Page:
Due to questions and concerns about the U.S. Food and Drug Administration’s (FDA’s) testing of raw milk cheese for the presence of non-toxigenic E. coli, the agency is pausing those efforts to embark on a new review of current testing practices.

The current methods of raw milk cheese testing, used not only by the FDA but also by other U.S. public health agencies as well as other countries, is necessary to detect the presence of fecal contamination. The reason that the FDA tests cheese samples for non-toxigenic E. coli is that bacteria above a certain level could possibly indicate unsanitary conditions in a processing plant. According to the agency, surveillance sampling has shown that the “vast majority of domestic and imported raw milk cheeses are meeting the established criteria.”

The FDA’s new efforts are based on cheesemakers’ concerns about the agency’s new safety criteria. The cheesemaking industry’s concerns are centered around the application of the test results and the scientific foundation of these criteria. They believe that current testing practices will hurt their industry by limiting the production of raw milk cheese while offering no benefit to the overall state of public health.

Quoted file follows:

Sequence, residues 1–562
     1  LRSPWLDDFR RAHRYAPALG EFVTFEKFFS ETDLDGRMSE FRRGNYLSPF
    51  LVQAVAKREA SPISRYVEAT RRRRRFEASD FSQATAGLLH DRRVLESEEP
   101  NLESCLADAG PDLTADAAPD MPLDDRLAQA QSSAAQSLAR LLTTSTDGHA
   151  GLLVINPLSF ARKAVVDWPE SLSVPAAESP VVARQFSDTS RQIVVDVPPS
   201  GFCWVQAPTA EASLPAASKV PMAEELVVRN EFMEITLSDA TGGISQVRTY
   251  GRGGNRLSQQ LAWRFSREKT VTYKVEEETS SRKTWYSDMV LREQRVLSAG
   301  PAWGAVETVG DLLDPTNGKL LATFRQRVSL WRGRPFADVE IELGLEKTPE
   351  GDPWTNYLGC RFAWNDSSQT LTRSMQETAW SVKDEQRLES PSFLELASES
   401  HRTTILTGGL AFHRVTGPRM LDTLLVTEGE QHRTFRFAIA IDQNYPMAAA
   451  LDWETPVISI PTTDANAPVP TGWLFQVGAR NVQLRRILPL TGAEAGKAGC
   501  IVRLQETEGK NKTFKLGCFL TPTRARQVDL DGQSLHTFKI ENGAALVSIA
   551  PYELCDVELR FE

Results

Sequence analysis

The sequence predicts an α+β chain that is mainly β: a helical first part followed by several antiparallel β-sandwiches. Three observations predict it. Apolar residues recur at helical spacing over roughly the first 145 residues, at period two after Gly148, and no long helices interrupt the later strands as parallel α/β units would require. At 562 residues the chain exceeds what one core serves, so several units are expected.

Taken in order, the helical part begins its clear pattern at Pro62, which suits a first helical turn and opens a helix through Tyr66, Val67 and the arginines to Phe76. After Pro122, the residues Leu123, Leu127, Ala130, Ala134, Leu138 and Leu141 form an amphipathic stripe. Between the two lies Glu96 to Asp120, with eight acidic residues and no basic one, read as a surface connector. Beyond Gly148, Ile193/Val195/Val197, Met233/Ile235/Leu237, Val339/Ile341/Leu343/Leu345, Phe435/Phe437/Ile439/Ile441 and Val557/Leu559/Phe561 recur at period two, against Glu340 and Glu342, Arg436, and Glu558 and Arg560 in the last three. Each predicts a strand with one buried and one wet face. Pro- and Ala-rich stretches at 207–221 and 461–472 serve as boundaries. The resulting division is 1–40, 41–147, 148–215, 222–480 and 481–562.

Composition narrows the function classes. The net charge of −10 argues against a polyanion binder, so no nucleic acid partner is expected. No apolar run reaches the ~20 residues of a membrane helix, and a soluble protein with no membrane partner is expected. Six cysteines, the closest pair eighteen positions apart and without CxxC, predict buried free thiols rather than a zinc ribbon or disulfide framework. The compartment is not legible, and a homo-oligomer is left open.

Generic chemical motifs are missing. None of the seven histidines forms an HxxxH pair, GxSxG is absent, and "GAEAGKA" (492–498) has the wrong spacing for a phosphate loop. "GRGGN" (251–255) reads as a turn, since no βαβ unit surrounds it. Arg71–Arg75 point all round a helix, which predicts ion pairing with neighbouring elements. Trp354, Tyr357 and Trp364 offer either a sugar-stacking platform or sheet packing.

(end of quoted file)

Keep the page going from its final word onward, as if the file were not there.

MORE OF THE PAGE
Since the Preventive Controls for Human Food rule mandated by the Food Safety Modernization Act was finalized last year, the FDA sees fit to take a fresh look at what role non-toxigenic E. coli should have in identifying and preventing unsanitary conditions and food safety hazards for both domestic and foreign cheesemakers.

Upon completion of their review, the FDA may or may not update the 2010 Compliance Policy Guide--a document that outlines applicable safety criteria and the industry will be notified at that time. In the meantime, the agency will continue to inspect cheese-making facilities and test for pathogens in domestic and imported cheese. However, the testing program for non-toxigenic E. coli in cheese is on hold.

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